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The effects of anorexia nervosa on bone metabolism in female adolescents.
J Clin Endocrinol Metab 1999; 84(12):4489-96JC

Abstract

Osteopenia is a frequent, often persistent, complication of anorexia nervosa (AN) in adolescent girls and occurs during a critical time in bone development. Little is known about bone metabolism in this patient population. Therefore, we measured bone density (BMD) and body composition by dual energy x-ray absorptiometry, nutritional status, bone turnover, calcium, and hormonal status in 19 adolescent girls with AN (mean +/- SEM, 16.0+/-0.4 yr) and 19 bone age-matched controls. The mean duration of AN was 19+/-5 months. Spinal (L1-L4) osteopenia was common in AN. Lumbar anterioposterior BMD was more than 1 SD below the mean in 42% of patients, and lateral spine BMD was more than 1 SD below in 63% of patients compared with controls. Lean body mass significantly predicted lumbar bone mineral content (r = 0.75; P < 0.0001) in controls only. In AN, duration of illness was the most significant predictor of spinal BMD (lumbar: r = -0.44; P = 0.06; lateral: r = -0.59; P = 0.008). AN adolescents with mature BA (15 yr and greater) were hypogonadal [estradiol, 16.2+/-1.9 vs. 23.3+/-1.6 pg/mL (P = 0.01); free testosterone, 0.70+/-0.17 vs. 1.36+/-0.14 pg/mL (P = 0.01)] although dehydroepiandrosterone sulfate and urinary free cortisol levels did not differ. Leptin levels were reduced in AN (2.9+/-2.1 vs. 16.5+/-1.8 ng/mL; P < 0.0001). Insulin-like growth factor I (IGF-I) was reduced in AN to 50% of control levels (219+/-41 vs. 511+/-35 ng/mL; P < 0.0001) and correlated with all measures of nutritional status, particularly leptin (r = 0.80; P < 0.0001). Surrogate markers of bone formation, serum osteocalcin (OC) and bone-specific alkaline phosphatase (BSAP), were significantly (P = 0.02) reduced in AN vs. controls (OC, 39.1+/-6.4 vs. 59.2+/-5.2 ng/mL; BSAP, 27.9+/-4.0 vs. 40.6+/-3.4 U/L). The majority of the variation in bone formation in AN was due to IGF-I levels (OC: r2 = 0.72; P = 0.002; BSAP: r2 = 0.53; P = 0.01) in stepwise regression analyses. Bone resorption was comparable in patients and controls. These data demonstrate that bone formation is reduced and uncoupled to bone resorption in mature adolescents with AN in association with low bone density. Lean body mass was a significant predictor of BMD in controls, but not AN patients. The major correlate of bone formation in AN was the nutritionally dependent bone trophic factor, IGF-I. Reduced IGF-I during the critical period of bone mineral accumulation may be an important factor in the development of osteopenia in adolescents with AN.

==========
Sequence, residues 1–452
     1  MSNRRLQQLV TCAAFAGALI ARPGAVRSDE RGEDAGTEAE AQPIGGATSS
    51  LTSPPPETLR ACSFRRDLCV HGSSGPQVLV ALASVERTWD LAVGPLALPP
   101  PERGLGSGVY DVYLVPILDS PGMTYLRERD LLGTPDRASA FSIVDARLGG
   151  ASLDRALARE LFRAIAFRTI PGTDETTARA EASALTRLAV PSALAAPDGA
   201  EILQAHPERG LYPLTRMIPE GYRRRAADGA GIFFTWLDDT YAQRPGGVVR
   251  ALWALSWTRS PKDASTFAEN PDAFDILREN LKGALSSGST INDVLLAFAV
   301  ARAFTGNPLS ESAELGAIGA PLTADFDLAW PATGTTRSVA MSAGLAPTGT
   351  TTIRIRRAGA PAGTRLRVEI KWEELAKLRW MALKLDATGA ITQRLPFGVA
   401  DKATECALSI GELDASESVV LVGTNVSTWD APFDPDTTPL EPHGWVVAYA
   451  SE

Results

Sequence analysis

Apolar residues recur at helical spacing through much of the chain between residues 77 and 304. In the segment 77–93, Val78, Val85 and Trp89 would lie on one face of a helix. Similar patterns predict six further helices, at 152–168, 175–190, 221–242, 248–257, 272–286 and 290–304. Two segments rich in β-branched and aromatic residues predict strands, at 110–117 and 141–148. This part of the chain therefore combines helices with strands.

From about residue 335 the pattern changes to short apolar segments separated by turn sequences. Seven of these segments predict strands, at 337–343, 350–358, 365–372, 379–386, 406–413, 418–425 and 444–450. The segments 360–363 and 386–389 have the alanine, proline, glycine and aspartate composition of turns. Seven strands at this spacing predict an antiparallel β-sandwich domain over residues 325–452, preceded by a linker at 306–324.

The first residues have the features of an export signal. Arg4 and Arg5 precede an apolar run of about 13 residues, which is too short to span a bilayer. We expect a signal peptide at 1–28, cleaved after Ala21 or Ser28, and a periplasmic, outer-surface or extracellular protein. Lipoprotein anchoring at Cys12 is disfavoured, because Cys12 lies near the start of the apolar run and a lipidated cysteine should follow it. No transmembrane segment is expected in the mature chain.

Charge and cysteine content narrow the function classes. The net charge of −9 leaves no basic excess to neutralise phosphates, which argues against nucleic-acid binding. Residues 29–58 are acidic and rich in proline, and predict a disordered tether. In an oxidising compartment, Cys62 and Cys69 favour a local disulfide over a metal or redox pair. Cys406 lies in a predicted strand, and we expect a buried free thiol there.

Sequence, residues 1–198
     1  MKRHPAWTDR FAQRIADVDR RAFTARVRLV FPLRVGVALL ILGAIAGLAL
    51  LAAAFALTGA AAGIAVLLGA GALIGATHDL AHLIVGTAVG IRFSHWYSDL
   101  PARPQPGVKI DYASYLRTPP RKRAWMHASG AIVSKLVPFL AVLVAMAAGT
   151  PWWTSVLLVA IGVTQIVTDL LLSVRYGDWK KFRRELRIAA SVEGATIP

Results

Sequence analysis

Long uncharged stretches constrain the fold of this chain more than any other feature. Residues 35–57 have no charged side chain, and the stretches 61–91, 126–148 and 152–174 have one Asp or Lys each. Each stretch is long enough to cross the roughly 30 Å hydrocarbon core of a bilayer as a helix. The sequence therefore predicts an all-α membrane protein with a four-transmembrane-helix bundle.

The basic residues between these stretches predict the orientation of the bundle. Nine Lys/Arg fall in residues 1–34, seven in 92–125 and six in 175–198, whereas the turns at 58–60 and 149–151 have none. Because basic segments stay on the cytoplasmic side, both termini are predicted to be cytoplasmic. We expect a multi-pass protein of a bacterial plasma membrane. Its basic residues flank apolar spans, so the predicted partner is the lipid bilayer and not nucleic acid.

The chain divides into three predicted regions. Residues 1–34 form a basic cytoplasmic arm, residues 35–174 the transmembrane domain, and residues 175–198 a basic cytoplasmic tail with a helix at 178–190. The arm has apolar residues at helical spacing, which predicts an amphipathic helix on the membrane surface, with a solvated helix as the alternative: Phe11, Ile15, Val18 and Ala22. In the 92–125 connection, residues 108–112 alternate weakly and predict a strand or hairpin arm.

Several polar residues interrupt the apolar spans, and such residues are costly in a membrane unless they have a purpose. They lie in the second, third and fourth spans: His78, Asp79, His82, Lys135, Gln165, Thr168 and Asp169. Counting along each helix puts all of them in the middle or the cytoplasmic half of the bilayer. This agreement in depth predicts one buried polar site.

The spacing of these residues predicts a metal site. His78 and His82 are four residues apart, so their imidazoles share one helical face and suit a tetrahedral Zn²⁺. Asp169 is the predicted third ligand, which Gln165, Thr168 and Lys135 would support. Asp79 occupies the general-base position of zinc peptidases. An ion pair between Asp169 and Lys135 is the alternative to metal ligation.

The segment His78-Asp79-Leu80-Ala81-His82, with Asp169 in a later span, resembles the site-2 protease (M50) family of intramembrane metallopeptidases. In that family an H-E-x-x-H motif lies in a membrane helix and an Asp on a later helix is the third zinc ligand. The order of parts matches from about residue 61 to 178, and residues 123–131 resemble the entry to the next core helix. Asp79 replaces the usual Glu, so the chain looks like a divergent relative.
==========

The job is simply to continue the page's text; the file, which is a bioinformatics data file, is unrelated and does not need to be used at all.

Authors+Show Affiliations

Neuroendocrine Unit, Massachusetts General Hospital and Harvard Medical School, Boston 02114, USA.No affiliation info availableNo affiliation info availableNo affiliation info availableNo affiliation info available

Pub Type(s)

Journal Article
Research Support, Non-U.S. Gov't
Research Support, U.S. Gov't, P.H.S.

Language

eng

PubMed ID

10599707

Citation

Soyka, L A., et al. "The Effects of Anorexia Nervosa On Bone Metabolism in Female Adolescents." The Journal of Clinical Endocrinology and Metabolism, vol. 84, no. 12, 1999, pp. 4489-96.
Soyka LA, Grinspoon S, Levitsky LL, et al. The effects of anorexia nervosa on bone metabolism in female adolescents. J Clin Endocrinol Metab. 1999;84(12):4489-96.